The ISO 13485
For anyone in the medical devices industry; the real buzzword perhaps is ISO 13485:2003. What is it? How does it matter to the industry? What are its exceptions?
The medical device industry, given its enormous impact on human health and welfare; is highly regulated all over the world. In the leading blocks, namely the US, EU and Canada; it is regulated by the FDA, European Medical Devices Directives and the Canadian Medical Device Bureau respectively. In addition, ministries of health regulate this industry around the world.
What is it?
ISO 13485:2003 sets out the quality system standards for this industry. This standard sets out “…requirements for a quality management system where an organization needs to demonstrate its ability to provide medical devices and related services that consistently meet customer requirements and regulatory requirements applicable to medical devices and related services.”(http://www.efrcertification.com/iso13485.php)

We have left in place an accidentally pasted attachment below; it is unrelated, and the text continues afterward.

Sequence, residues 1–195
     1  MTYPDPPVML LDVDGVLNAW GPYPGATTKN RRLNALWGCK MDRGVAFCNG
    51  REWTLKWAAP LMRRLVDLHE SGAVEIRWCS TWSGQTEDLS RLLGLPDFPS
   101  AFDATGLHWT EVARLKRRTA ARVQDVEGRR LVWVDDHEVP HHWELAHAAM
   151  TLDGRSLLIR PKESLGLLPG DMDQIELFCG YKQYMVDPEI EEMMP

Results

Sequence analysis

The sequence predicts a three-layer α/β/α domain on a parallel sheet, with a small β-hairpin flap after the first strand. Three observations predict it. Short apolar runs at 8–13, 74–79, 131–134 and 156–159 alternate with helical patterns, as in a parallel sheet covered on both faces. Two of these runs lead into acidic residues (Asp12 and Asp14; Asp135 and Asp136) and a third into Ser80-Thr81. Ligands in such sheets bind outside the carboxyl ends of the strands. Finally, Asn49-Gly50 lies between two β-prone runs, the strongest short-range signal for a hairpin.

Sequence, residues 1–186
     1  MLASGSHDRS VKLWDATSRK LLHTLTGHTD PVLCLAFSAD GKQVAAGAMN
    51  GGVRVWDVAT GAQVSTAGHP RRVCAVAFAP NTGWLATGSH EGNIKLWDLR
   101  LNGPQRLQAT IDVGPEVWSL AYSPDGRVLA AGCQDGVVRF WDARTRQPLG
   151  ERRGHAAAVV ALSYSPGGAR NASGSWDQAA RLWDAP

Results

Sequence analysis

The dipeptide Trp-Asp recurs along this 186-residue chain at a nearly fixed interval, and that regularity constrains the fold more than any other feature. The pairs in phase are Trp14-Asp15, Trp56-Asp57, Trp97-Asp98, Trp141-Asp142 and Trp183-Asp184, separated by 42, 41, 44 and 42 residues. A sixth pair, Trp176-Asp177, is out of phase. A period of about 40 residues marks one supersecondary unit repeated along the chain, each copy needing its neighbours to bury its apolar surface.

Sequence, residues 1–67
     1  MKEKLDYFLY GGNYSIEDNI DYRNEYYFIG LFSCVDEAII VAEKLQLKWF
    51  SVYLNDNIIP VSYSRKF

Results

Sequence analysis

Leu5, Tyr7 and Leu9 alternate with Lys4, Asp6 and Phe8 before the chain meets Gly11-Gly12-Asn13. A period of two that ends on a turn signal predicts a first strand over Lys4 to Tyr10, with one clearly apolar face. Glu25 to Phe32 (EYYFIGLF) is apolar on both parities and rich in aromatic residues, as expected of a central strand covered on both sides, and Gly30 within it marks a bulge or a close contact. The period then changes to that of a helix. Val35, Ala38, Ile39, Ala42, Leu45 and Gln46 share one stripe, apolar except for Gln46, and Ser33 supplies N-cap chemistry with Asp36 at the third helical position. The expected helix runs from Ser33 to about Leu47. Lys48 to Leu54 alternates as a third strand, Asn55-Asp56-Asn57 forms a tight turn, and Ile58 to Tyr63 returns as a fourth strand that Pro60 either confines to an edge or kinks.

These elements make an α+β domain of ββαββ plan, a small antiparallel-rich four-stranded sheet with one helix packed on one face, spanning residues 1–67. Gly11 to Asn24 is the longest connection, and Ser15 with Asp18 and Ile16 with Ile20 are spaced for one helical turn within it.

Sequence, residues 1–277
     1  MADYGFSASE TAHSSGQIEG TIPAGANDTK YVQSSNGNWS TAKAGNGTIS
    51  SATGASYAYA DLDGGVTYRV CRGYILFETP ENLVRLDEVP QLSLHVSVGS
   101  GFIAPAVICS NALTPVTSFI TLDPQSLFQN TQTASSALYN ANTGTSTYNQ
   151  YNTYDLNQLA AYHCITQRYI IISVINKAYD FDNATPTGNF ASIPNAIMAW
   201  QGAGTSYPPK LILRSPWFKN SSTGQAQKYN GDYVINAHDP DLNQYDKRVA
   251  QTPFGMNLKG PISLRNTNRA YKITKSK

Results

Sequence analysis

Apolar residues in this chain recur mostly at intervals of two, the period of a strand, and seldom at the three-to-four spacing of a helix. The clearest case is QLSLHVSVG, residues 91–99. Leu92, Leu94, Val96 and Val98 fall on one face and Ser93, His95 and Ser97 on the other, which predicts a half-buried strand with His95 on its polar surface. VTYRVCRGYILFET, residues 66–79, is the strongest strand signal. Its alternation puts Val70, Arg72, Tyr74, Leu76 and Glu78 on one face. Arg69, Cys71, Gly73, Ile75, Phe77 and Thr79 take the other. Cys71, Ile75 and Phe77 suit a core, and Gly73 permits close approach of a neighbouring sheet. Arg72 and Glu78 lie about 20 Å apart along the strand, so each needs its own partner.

What is the aim of ISO 13485:2003?
The main aim of ISO 13485:2003 is to foster harmonized regulatory requirements for quality management systems in medical device. Thus, it is mandatory for all medical device organizations to conform to what is set out in ISO 13485:2003, no matter what size or type it is.
Only those design and development controls that are permitted to be excluded from regulatory requirements can be excluded the quality management system. When such exclusions are allowed; alternative implementations set out by these regulations have to be applied. The organizations that make these alternative arrangements have the responsibility of ensuring that claims of conformity with this standard reflect exclusion of design and development controls.